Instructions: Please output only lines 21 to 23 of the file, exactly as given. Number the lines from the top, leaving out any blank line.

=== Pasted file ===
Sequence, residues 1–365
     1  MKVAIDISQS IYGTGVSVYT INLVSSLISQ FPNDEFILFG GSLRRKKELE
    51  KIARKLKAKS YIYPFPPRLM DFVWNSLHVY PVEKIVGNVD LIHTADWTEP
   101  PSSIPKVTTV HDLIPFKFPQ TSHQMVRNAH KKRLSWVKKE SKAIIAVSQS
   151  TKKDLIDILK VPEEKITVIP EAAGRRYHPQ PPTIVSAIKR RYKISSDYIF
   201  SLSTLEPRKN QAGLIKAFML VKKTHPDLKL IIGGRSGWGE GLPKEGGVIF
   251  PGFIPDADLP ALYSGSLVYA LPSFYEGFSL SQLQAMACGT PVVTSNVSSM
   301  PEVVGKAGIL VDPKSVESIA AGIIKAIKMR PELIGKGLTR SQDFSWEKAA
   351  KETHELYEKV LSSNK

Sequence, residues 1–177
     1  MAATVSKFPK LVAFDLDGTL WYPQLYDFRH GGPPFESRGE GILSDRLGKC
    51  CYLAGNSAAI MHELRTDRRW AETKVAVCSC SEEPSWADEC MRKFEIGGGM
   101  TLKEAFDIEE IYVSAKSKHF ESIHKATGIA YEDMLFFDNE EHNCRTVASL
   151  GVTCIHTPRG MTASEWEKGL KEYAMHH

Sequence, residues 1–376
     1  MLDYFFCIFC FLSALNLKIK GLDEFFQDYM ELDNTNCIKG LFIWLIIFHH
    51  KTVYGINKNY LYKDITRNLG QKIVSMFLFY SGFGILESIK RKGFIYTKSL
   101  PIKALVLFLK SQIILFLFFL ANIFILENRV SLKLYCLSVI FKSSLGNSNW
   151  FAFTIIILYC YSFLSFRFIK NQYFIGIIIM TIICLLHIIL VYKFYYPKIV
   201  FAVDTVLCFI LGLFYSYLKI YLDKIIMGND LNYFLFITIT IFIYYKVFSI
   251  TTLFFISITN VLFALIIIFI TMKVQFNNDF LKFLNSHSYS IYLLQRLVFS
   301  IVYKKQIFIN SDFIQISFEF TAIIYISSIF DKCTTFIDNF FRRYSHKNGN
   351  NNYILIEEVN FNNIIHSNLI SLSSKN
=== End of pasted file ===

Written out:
   251  TTLFFISITN VLFALIIIFI TMKVQFNNDF LKFLNSHSYS IYLLQRLVFS
   301  IVYKKQIFIN SDFIQISFEF TAIIYISSIF DKCTTFIDNF FRRYSHKNGN
   351  NNYILIEEVN FNNIIHSNLI SLSSKN